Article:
The shortstop position has become increasingly talented in recent seasons. The position is now the best, and deepest, arguably since Nomar, A-Rod, and Jeter were reigning supreme nearly two decades ago. The top five is loaded, and the position has great depth. The shortstops near the bottom of my top ten list would have threatened the top five a few years ago. Shortstops not making the list would have been safely included. With all this competition, it was hard to leave a few guys off.
1. Carlos Correa
Correa is coming off a season with an OPS 65 points higher than Manny Machado has ever posted. With all of Machado’s fanfare and his big home run seasons, this was a surprising revelation. Just 22 years old last season and having posted a .941 OPS, Correa is the top shortstop to own for the long haul in the Majors.
Correa burst onto the scene in 2015, winning Rookie of the Year in a little more than half a season. Over his three seasons, aged 20-22, he has batted .288 with an .863 OPS. There is only room for improvement as he enters his age 23 season. Correa missed time last year, hitting 24 home runs in only 109 games. Assuming he stays healthy, I foresee his first 30 homer, 100 RBI season this year. Correa has also proved himself on the big stage at such a young age, homering five times during the postseason last year.
Correa is also fairly polished at shortstop at his young age. He has a solid .978 fielding percentage in each of the last two seasons and has a positive dWAR in all three. According to baseball reference’s total zone runs, Correa was worth eight defensive runs above average this past season.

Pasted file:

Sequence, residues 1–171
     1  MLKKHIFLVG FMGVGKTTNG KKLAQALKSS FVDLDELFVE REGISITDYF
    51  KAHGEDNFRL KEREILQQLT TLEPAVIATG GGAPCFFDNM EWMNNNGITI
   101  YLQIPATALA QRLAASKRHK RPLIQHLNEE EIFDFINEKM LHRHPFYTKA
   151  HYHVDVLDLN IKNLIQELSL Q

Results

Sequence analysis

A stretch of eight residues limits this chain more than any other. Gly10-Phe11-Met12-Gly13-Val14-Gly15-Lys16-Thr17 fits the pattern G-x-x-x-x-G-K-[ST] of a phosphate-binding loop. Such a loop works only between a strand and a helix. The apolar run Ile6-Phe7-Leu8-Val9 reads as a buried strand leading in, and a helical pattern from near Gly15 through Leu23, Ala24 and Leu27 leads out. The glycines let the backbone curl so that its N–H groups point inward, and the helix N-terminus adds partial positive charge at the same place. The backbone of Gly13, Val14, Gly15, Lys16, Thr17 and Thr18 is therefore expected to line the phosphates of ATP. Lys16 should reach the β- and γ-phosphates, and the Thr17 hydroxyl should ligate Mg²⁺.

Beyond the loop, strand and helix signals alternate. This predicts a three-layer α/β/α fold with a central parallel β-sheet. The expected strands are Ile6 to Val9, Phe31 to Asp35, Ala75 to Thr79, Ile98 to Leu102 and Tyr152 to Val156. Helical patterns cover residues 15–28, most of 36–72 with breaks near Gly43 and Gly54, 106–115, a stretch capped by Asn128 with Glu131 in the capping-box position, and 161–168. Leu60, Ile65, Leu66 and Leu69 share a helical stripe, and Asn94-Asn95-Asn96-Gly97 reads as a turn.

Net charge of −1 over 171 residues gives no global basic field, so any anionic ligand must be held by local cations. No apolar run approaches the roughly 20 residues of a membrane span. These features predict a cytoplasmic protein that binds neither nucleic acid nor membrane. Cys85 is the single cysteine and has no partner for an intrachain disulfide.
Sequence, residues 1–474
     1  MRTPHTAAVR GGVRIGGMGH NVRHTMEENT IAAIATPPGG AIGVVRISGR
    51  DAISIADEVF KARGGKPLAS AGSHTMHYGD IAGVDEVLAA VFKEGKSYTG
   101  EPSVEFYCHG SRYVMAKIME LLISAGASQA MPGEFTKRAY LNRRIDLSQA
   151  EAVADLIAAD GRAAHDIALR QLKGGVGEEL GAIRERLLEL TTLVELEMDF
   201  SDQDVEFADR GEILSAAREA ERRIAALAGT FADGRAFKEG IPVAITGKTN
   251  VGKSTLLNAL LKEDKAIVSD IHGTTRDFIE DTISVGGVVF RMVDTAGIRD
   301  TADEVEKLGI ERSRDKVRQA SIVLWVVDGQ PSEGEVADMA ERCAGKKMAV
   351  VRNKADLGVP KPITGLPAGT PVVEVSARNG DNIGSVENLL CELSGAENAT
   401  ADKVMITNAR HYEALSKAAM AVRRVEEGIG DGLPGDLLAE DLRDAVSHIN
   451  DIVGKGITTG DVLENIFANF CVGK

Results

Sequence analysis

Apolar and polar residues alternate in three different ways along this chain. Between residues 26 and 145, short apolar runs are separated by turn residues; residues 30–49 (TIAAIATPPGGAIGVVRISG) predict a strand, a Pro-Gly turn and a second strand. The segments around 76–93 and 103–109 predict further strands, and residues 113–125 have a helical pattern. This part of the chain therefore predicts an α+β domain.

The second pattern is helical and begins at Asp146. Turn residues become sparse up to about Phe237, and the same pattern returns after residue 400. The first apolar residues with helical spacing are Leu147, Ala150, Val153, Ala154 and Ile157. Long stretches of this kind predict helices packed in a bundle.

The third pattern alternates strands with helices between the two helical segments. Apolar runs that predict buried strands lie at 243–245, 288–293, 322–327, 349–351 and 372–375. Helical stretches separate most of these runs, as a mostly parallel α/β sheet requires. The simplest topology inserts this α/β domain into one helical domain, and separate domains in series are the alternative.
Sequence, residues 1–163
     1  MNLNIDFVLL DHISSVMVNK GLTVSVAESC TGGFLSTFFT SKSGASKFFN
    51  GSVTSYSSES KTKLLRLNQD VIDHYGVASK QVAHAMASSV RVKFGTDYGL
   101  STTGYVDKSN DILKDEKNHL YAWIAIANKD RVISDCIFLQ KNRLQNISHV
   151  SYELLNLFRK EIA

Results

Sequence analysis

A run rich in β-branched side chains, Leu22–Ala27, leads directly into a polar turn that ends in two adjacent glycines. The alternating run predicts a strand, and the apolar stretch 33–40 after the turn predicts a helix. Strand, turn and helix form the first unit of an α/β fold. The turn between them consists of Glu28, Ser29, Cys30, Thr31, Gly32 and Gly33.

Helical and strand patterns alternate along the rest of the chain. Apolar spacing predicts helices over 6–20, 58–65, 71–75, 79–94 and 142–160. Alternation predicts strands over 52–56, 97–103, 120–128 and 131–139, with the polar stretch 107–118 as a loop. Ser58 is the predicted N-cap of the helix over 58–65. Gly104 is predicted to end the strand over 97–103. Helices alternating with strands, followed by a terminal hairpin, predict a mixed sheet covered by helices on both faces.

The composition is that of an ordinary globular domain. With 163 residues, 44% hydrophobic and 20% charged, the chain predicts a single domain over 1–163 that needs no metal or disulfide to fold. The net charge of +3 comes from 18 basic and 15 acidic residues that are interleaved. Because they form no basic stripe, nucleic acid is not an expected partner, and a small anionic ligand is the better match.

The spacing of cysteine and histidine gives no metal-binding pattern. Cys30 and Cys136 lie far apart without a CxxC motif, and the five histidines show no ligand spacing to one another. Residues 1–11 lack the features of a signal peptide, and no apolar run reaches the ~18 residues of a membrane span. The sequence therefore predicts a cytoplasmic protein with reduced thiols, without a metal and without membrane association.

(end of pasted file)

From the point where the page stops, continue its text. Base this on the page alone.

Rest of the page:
2. Manny Machado
Primarily known as a third baseman, and a fine defensive one at that, Machado is moving to shortstop full time for this coming season. He started 43 games at the position last year, performing adequately but posting a negative zone rating. With a full offseason to prepare, maybe he will be a little better in 2018. After all, Machado was a two time Gold Glove winner at third base.
He also needs to rebound at the plate, coming off his worst season since 2014. That’s not to say he was bad, he did hit 33 homers after all. However, Machado’s average fell from .290 over the previous two seasons down to .259. His OPS also dropped nearly 100 points. I would expect a bit of a rebound, he did finish in the top five in back-to-back MVP votes before last season. Machado has also homered 105 times over the past three years. If there is one place where his skill set lags a bit behind, it’s in taking pitches and drawing walks. Machado has drawn a total of 49 walks over the past two seasons and posted a disappointing .310 on-base percentage last year.
3. Corey Seager